The Necessity of Musical Hallucinations – Issue 20: Creativity

During the last months of my mother’s life, as she ventured further from lucidity, she was visited by music. In collusion with her dementia, her hearing loss filled her consciousness with musical hallucinations. Sometimes welcome, more often not, her musical visitations were vivid, yet segmented and tattered. She would occasionally comment on the singers. On rare occasions she would identify the performer.

Mitch Miller, who wrote oppressively cheerful arrangements of popular songs from the 1950s, seemed to command a prominent role in her hallucinations.

At times she would spontaneously hum fragmentary melodies, apparently singing along to the music she was hearing. But since the music was inaudible to me, all I heard were occasional vocalizations. I felt compelled to transcribe these wordless shards of her past for posterity. Here are the notes I transcribed on Jan. 16, 2010, played on a piano.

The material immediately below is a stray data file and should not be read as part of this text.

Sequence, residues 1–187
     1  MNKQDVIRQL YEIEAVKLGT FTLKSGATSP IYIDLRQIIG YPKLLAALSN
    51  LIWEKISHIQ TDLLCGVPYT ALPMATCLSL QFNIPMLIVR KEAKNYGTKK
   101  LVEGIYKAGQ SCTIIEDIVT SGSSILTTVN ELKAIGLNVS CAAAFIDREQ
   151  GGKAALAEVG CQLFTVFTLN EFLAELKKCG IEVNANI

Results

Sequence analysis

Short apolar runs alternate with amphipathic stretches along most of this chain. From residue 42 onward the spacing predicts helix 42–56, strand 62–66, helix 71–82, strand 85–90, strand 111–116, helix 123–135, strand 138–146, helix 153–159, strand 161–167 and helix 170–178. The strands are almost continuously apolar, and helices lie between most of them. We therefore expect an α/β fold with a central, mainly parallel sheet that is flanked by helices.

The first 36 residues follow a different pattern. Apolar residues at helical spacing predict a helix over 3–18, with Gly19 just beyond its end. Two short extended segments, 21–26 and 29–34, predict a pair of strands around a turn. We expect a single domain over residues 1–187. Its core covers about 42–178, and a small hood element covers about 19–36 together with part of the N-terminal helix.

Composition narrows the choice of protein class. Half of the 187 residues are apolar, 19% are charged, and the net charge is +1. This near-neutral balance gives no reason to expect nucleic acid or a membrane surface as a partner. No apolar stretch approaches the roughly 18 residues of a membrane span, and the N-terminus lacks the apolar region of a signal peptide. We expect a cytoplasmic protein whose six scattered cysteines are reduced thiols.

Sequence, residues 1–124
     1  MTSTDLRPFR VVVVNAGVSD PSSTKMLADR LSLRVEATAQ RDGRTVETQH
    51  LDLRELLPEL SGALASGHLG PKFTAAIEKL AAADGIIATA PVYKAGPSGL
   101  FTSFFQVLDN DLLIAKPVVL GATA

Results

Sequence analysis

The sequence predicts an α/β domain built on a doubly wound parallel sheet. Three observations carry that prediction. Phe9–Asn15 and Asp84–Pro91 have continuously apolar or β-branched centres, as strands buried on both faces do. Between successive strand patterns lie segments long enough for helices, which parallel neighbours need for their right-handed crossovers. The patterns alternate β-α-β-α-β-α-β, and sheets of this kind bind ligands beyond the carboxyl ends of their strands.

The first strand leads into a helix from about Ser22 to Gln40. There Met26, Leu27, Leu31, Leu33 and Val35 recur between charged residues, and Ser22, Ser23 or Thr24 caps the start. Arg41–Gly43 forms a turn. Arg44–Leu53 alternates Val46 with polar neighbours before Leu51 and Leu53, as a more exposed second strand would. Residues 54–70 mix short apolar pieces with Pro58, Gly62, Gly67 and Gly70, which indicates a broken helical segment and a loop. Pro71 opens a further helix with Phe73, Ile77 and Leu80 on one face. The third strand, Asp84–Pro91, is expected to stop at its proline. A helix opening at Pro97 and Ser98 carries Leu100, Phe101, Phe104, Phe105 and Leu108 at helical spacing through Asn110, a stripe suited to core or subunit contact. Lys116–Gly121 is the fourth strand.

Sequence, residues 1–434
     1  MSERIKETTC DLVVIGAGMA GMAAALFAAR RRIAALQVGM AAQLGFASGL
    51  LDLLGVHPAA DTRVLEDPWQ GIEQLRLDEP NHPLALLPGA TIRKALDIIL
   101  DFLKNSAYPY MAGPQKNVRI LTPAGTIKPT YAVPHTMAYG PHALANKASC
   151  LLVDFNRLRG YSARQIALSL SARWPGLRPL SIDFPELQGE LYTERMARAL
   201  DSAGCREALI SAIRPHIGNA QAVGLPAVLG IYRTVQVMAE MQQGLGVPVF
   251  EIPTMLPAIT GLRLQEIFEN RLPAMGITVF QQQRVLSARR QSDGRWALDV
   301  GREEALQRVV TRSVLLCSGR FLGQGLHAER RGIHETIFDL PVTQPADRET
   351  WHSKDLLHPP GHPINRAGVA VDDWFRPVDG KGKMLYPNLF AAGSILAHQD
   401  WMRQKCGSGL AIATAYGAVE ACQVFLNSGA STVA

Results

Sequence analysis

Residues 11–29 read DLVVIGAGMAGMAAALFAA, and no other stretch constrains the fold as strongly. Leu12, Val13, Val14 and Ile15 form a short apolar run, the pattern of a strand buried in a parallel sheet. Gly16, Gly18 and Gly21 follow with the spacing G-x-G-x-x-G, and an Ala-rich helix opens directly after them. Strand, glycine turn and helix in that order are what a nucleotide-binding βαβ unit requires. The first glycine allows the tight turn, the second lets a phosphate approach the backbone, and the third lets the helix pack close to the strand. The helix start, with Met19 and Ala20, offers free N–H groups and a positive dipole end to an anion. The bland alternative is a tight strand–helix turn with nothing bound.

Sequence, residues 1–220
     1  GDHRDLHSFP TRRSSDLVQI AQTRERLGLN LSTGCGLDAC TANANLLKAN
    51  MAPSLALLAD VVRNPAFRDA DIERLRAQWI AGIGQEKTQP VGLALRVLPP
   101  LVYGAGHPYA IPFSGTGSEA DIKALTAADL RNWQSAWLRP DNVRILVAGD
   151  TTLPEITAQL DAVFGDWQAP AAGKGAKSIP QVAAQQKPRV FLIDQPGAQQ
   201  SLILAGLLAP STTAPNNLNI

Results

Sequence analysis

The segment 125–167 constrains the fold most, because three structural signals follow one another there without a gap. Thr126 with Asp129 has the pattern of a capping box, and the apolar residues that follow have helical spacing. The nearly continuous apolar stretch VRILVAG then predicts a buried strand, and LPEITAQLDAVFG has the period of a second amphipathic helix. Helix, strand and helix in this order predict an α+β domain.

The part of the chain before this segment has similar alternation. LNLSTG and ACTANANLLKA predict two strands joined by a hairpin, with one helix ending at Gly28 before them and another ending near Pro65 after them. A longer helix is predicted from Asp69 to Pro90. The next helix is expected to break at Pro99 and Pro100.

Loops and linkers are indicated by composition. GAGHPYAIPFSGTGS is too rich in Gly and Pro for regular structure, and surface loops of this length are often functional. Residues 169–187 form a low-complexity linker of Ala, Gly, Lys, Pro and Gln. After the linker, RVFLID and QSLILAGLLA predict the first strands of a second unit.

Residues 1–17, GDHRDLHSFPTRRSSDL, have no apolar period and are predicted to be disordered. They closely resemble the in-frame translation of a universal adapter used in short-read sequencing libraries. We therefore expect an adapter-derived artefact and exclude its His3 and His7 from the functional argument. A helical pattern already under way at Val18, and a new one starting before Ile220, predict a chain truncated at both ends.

With lots of patience and some luck, I was able to trace these fragments comprised of ascending melodic leaps, and among my mother’s more persistent and recurrent visitations, to their origin, a popular song from the 1940s called “Cruising Down the River.”

“Cruising Down the River” was number one on the Billboard charts the week…
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